Wednesday, June 22, 2011

Potty Time

The genius is in the simplicity.

There is a vast number of litter pans, litter boxes, even litter rooms? Here are a few thoughts and observations on the topic. Happy pooping!

Before getting adopted by a lovely feline (and surely you're diligently doing your research ahead of time!) knew often finds oneself lost amidst all the choices! Ranging from simple litter pans to elaborate private bathrooms with elaborate prices to boot. So how would one choose the right one? Here are a few criteria to consider.

Area Size. While it's hard to predict the size of a kitty that will win your heart, one can safely bet that they will grow up to be larger than just mere kittens. An average cat (assuming the common Domestic Short Hair breed found in most animal shelters) grows up to be 10 lbs - 20 lbs depending primarily on age and sex, among other contributing factors. To fit the kitty comfortably and leave some room for diggin', this translates to a medium litter pan. For example for my sweetie (her being on the lower end of the aforementioned spectrum) the litter box measures  and allows her to fully get inside and dig and turn around with ease.

If still unsure, I would suggest getting a box as big as your space allows for it. One advantage of this, as I have recently discovered, is that the cat would be able to cover up while staying inside the box. This prevents smelly paw stains all over the surrounding area on the floor.

Height. The height of the litter box is also important, particularly for older cats. Much like older humans have more trouble to move, climb and jump, cats also become less agile with age and high litter box walls can be very discouraging.

Cover. A covered litter box has its advantages - it better contains the smell, covers up the unsightly view and arguably provides more privacy. While I would argue that there are other ways to make this a private affair, please not that none of the other reasons are targeted to benefit your cat.

When thinking of the covered litter box, I can't help but imagine that it is similar to being in that gross Port-a-Potty portable toilet. Sure it doesn't smell or look that bad on the outside but it's quite uninviting and I always feel bad for the kitties who are forced to use it. It also costs a whole lot more than it should! I vote to rid the cover and instead find a more appropriate location in your house.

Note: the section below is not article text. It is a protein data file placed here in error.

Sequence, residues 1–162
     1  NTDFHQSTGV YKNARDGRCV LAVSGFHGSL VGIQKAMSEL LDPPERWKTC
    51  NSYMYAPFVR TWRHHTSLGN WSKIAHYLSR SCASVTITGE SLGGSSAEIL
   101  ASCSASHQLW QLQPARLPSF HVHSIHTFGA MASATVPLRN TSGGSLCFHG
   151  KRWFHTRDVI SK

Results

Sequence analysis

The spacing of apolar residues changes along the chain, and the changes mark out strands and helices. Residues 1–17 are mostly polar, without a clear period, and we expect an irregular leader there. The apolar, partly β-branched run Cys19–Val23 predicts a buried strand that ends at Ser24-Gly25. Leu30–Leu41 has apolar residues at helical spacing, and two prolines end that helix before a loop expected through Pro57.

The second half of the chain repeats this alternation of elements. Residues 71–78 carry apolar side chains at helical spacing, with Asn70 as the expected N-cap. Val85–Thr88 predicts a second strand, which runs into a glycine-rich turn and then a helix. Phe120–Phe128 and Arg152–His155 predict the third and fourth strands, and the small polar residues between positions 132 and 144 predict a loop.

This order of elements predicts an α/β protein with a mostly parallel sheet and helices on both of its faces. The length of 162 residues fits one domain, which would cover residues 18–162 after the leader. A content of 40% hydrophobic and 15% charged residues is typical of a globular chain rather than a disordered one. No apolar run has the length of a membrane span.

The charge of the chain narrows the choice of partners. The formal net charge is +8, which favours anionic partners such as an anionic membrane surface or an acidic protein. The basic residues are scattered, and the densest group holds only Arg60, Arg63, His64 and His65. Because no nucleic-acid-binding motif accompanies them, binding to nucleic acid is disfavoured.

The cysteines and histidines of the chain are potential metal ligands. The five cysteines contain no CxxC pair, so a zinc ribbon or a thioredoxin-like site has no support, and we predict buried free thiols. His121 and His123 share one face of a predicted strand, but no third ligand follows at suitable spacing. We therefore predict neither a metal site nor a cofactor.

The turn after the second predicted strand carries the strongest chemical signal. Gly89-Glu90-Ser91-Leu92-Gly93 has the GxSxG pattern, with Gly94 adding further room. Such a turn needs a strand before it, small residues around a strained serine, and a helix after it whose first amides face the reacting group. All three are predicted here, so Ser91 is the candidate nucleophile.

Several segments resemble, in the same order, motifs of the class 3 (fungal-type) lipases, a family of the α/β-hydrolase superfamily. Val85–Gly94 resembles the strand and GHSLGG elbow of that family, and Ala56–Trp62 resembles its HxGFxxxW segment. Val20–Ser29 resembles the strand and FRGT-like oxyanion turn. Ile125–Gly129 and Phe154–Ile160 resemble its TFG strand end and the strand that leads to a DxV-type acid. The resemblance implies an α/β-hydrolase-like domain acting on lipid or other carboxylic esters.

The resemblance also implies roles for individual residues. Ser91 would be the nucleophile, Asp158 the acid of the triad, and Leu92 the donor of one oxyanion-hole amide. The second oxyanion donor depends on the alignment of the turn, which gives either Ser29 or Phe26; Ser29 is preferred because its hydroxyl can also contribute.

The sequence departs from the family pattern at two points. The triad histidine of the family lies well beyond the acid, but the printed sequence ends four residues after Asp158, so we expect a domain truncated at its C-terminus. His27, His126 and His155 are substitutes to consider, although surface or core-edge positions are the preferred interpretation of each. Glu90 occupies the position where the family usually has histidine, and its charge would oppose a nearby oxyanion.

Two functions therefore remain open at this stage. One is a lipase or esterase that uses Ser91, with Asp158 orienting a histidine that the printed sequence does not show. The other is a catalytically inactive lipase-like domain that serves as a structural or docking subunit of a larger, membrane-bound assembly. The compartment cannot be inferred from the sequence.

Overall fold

Location. When deciding on the litter box, location trends to play an important role. It is important that the place is big enough to fit the box. It should be secluded enough so the feline feels safe to do it's business but also does not feel cornered, with an "emergency exit" available. I would say that a corner of a bathroom is a poetry sweet spot.

Tips. Place a rug or a rubber mat (easier to clean) that is at least 3" bigger than the litter box on each accessible side (it's irrelevant on the sides that are adjacent to walls). This way the kitty will unwittingly "wipe" her paws as as gets out of the box. A rug will also help to prevent some litter from spreading (some, of course, will get out anyway).

If you own your walls or are allowed to do as you wish, I would strongly suggest to glue some contact paper on the walls around the "kitty toilet area". It's easier to clean than the wall and will camouflage the splatter.

Products. Here are some of my suggestions from Amazon:

Have suggestions or tips? Post them in comments!

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